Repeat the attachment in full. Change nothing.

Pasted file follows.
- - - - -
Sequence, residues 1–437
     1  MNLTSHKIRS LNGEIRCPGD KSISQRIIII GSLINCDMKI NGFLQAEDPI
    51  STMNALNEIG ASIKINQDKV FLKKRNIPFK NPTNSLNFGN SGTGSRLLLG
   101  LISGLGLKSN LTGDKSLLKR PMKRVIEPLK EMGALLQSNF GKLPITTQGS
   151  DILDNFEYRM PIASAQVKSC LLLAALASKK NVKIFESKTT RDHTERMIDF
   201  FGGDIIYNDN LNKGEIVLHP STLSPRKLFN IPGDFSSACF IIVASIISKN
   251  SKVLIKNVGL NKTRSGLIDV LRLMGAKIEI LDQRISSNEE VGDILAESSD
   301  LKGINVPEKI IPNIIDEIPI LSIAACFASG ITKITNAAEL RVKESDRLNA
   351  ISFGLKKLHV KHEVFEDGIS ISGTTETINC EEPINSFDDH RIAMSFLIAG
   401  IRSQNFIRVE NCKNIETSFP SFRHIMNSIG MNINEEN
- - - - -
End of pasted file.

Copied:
Sequence, residues 1–437
     1  MNLTSHKIRS LNGEIRCPGD KSISQRIIII GSLINCDMKI NGFLQAEDPI
    51  STMNALNEIG ASIKINQDKV FLKKRNIPFK NPTNSLNFGN SGTGSRLLLG
   101  LISGLGLKSN LTGDKSLLKR PMKRVIEPLK EMGALLQSNF GKLPITTQGS
   151  DILDNFEYRM PIASAQVKSC LLLAALASKK NVKIFESKTT RDHTERMIDF
   201  FGGDIIYNDN LNKGEIVLHP STLSPRKLFN IPGDFSSACF IIVASIISKN
   251  SKVLIKNVGL NKTRSGLIDV LRLMGAKIEI LDQRISSNEE VGDILAESSD
   301  LKGINVPEKI IPNIIDEIPI LSIAACFASG ITKITNAAEL RVKESDRLNA
   351  ISFGLKKLHV KHEVFEDGIS ISGTTETINC EEPINSFDDH RIAMSFLIAG
   401  IRSQNFIRVE NCKNIETSFP SFRHIMNSIG MNINEEN